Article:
Wisconsin Act 43 (2011) requires the legislature to draw districts that “are bounded by county, precinct, town or ward lines, in as compact a form as possible, and consists of contiguous territory.” Because voters reside in compact districts comprised of contiguous territory, the United States Supreme Court dismissed the plaintiffs’ challenge that the state’s representational maps caused them undue harm and diluted their vote. According to Justice Roberts. “A citizen’s interest in the overall composition of the legislature is embodied in his right to vote for his representative…The harm asserted by the plaintiffs in this case is best understood as arising from a burden on their own votes” (pp. 15-16). The majority opinion denoted that the case is centered on group political interests, not the legal rights of an individual.

To date, the United States Supreme Court has yet to strike down representational districts for being too partisan. Based on their opinion in Gill v. Whitford, it does not appear as if the Court is poised to do so anytime soon. In fact, Justice Kennedy, in Vieth v. Jubelirer (2004) maintained that the court should strike down all challenges to partisan-based apportionment, as no workable standard exists for redrawing legislative districts. Justices have repeatedly upheld partisan-based reapportionment, arguing that the Fourteenth Amendment’s Equal Protection Clause permits legislative bodies to draw legislative districts in any manner they see fit, so long as they are not racially motivated.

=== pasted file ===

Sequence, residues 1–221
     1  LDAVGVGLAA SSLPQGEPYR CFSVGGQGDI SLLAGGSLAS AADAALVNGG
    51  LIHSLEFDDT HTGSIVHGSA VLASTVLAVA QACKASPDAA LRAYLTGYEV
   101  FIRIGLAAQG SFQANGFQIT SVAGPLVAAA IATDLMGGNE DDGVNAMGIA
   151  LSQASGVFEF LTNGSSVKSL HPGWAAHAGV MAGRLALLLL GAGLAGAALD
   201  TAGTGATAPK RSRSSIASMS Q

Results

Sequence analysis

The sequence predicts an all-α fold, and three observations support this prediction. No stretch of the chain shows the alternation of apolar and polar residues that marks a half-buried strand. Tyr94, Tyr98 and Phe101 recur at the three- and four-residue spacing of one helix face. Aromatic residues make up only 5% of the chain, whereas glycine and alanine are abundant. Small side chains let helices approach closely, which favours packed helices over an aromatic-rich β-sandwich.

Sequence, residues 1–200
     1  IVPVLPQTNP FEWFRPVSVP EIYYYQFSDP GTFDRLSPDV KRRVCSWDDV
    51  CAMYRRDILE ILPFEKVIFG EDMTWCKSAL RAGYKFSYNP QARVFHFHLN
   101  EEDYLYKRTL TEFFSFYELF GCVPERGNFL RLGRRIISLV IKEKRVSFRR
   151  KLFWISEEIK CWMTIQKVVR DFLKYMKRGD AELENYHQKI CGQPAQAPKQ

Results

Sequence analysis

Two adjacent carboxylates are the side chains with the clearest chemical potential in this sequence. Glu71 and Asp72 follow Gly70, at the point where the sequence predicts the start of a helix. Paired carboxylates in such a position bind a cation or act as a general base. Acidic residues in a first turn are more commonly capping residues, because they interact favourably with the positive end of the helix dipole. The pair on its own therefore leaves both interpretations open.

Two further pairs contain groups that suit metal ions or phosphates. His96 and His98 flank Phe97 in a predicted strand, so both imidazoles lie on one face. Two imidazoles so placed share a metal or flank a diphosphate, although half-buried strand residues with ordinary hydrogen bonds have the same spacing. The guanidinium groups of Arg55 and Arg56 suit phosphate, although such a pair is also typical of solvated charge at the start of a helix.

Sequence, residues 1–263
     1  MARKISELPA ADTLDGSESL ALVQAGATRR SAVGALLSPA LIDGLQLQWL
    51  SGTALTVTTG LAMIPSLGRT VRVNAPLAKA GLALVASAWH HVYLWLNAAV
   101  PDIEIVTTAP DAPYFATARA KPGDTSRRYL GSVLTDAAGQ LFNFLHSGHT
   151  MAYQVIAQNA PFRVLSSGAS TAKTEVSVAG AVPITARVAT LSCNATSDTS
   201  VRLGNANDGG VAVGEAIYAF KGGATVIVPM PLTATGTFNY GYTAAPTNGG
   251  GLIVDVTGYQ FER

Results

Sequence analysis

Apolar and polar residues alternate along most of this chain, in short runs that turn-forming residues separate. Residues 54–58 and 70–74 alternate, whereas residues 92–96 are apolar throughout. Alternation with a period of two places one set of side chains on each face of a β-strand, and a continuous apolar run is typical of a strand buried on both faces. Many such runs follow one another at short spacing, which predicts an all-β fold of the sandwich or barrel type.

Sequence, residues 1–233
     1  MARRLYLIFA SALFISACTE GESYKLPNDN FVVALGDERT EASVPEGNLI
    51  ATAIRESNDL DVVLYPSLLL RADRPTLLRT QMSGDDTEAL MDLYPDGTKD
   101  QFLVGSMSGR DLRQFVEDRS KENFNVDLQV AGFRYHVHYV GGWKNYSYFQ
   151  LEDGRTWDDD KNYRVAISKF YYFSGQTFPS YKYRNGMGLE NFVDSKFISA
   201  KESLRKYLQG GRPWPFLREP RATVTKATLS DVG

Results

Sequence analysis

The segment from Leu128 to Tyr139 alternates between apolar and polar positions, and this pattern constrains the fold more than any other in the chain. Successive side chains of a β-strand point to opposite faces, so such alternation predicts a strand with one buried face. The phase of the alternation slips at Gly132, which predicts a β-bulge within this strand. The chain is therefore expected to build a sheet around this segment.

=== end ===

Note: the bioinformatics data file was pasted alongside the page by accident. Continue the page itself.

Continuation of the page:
Plaintiffs in Gill v. Whitford will have the opportunity to again prove to the United States District Court for the Eastern District of Wisconsin, that the state’s legislative districts caused them undue harm and diluted their vote; an arduous endeavor considering they failed to do so before both the circuit court and United States Supreme Court. For now, partisan-based reapportionment remains the law of the land and Wisconsin’s current legislative districts will remain intact until after the 2020 census.

Christopher Schaefer, a presidential historian and political consultant, resides in Madison, Wisconsin, and is the author of four books: The Great President: The Policies that Shaped the Bush Legacy; 41 vs. 43: The Reluctant Realism of George H.W. Bush, the Primacy of George W. Bush, and the War in Iraq; The Presidential Simulation: A Student’s Guide to Understanding the American Presidency; and Project Mastodon: Building a Twenty-First Century Republican Party (2 vols.). Schaefer received his BA in Politics and Government from Ripon College and MA in Political Management from the George Washington University.


Gill v. Whitford, No. 16-1161 (18 June 2018). Retrieved from